Firm to Aid Hobbled Hubble : Company, Which Built Parts for Scope, to Offer New Ones
Frustrated. That’s how Ernest Schaeffer feels about the Hubble Space Telescope, as do many Americans who are disappointed that the spacecraft has been plagued by problems almost from the instant it was launched 19 months ago.
Except that Schaeffer has more at stake.
His small firm, Schaeffer Magnetics Inc. in Chatsworth, made the 57 motors and actuators that control the mirrors, door latches, antennas and other equipment on the $2-billion spacecraft. The Hubble was the company’s biggest contract in dollar volume ($3 million) and number of units since Schaeffer started the firm 25 years ago.
“Just because we were part of it doesn’t change our feelings of frustration,” he said of the hobbled Hubble, “just as the whole general public feels it and asks the question: ‘Why?’ ”
And Schaeffer takes little comfort in knowing that none of his products are to blame for the problems of the Hubble, which is supposed to give astronomers an unprecedented view of the outer edges of the universe. “Everything we have done, and I’m knocking on wood, has worked fine,” Schaeffer said.
The 13-ton satellite’s maladies are a flawed primary mirror, which blurs its vision, and vibrating solar panels that threaten Hubble’s long-term power supply. Also, two of its six gyroscopes--which keep the Hubble steadily focused--are broken.
The National Aeronautics and Space Administration plans to fix Hubble with a mission scheduled for November, 1993. Space shuttle astronauts would reach Hubble’s 370-mile altitude above Earth, fetch the 42.5-foot telescope, secure it to the shuttle’s bay and fit it with new parts.
It’s an arduous task, but NASA had planned to put replacement parts on the Hubble even before the telescope’s flaws were discovered in space. Indeed, Schaeffer Magnetics was under contract to build new actuators and other replacement parts for Hubble before its launch--a contract worth about $700,000.
“The plan has always been to refurbish, upgrade and repair the Hubble on a regular basis, roughly every three years,” said Dennis McCarthy, deputy project manager for the Hubble-servicing team at NASA’s Goddard Space Flight Center in Greenbelt, Md.
NASA seldom goes into space without Schaeffer’s motors. They have helped operate components on the Apollo manned spacecraft and such U.S. exploratory satellites as Pioneer, Voyager, Mariner and Magellan.
“He is very thorough and very reliable,” said Cornelis deKramer, a systems manager at Goddard who has dealt with Schaeffer for 20 years. DeKramer said he could not recall a Schaeffer product ever failing in space.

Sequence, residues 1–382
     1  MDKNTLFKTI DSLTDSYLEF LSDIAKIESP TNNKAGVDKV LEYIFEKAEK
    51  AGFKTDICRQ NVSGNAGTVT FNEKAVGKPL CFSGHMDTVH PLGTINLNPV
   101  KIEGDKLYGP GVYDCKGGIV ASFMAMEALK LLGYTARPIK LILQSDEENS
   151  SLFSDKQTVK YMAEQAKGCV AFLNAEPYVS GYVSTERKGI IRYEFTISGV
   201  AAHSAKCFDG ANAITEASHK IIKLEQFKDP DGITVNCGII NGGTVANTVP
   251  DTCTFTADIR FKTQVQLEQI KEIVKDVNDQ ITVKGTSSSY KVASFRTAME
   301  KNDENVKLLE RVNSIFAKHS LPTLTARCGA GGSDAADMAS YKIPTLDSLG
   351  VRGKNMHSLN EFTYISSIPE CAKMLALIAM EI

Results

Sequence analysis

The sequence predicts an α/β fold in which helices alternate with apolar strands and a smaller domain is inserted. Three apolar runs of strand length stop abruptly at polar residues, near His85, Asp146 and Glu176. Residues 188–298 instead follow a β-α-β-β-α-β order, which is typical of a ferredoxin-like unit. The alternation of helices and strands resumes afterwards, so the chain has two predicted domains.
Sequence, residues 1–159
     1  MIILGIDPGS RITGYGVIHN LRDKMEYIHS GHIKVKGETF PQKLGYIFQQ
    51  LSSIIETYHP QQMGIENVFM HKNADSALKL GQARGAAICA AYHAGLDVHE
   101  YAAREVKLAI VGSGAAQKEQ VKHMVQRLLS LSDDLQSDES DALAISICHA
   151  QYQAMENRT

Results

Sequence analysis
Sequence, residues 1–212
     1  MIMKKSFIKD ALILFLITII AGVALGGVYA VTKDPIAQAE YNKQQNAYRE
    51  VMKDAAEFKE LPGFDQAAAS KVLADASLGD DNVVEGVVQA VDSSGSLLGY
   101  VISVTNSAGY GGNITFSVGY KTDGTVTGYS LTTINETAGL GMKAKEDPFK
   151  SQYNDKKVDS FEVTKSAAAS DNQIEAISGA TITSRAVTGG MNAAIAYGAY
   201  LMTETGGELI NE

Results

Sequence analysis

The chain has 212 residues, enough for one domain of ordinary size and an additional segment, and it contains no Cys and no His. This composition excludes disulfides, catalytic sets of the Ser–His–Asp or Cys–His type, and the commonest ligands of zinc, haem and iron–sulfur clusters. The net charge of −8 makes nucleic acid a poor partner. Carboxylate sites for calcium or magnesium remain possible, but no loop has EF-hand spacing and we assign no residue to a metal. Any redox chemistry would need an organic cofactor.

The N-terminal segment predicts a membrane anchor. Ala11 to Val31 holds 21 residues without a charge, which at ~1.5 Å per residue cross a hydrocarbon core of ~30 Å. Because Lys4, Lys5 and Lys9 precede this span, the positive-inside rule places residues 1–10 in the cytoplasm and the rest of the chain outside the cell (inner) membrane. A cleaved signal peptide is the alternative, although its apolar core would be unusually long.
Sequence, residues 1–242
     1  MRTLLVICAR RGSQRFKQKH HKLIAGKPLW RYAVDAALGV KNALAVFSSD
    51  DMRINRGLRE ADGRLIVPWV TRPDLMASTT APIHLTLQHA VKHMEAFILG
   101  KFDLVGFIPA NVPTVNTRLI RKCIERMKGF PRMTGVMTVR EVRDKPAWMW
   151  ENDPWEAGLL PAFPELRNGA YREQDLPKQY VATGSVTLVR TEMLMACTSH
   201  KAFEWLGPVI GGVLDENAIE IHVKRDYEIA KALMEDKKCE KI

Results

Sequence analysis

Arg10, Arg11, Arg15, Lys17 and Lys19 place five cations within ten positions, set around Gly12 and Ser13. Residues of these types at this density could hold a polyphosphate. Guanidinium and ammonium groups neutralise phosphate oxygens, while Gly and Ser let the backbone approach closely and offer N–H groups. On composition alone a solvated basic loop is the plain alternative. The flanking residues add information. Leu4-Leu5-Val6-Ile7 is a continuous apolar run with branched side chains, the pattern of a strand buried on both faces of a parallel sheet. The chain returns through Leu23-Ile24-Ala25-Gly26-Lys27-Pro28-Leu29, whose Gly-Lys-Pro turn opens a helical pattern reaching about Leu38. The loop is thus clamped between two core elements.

Schaeffer Magnetics, which Schaeffer owns outright, has annual revenue of only $15 million and 135 employees, but it’s not in a high-volume business. The company’s products are unique, made to rigorous specifications because of their use in space, and virtually hand-built.
Schaeffer’s original Hubble motors were built nearly a decade ago. But the spacecraft’s launch, originally scheduled for 1983, was repeatedly delayed, first for technical problems and then because of the space shuttle Challenger’s explosion in 1986.
That lag between the time when Schaeffer completes his job and when his products are actually employed is not unusual, he said. “You kind of push it to the background,” he said. “You go on to other things. We feel we’ve done the best we can and we just wait for the outcome.”
Despite setbacks such as Hubble, Schaeffer said prospects for his business remain excellent because “we’re never going to stop flying in space.” Also, international space projects are a growing source of income, accounting for 20% of his revenue today versus zero in 1987. Schaeffer has contracts to supply motors and actuators for telecommunications satellites developed by France, Japan, Italy and Spain.
Schaeffer also just built some products for the U.S. science spacecraft Explorer Platform that’s scheduled for launch in January. He’s also supplying motors for the U.S.-French TOPEX satellite, expected to be launched next year, that will record data on the oceans and their effect on climate.
In the meantime, Schaeffer, at age 66, has more pressing down-to-earth problems that trouble many other entrepreneurs. Namely, he’s trying to figure out how to best surrender control of his company before retiring. How does he turn over ownership of such a niche operation to strangers, since his two daughters aren’t involved with the firm?
“I’ve been preoccupied with that question for the last 10 or 12 years,” he said. “If there’s a buyer, I’ll sell it, but I haven’t been able to find an appropriate buyer. You don’t just sell it to anybody.”
The succession question even dogged Schaeffer when he was getting an MBA from Pepperdine University in 1980. For his thesis, he discussed how entrepreneurships are sold. “I thought I could get some insight into it if I did a thesis on it,” he recalled.
Schaeffer reached one conclusion, though. The sale of an entrepreneurship, at least for the entrepreneur, “is an irrational process” because the owner is simply too attached to the business to rationally evaluate its potential sale. “If he really wants to sell his company, he should get other people involved to do the actual transaction,” Schaeffer said.
His love affair with space began when he was growing up in the Bronx borough of New York City, where he made airplanes from wood. During World War II, he helped design military planes, and after moving to Southern California in 1956, he began designing specialized motors for aircraft, space and science.
For a few years he worked at Whittaker Corp., then licensed all of his motor designs from Whittaker to start his own company in 1966. Eventually his firm was making actuators for satellites and switches that helped operate tape recorders on Apollo missions.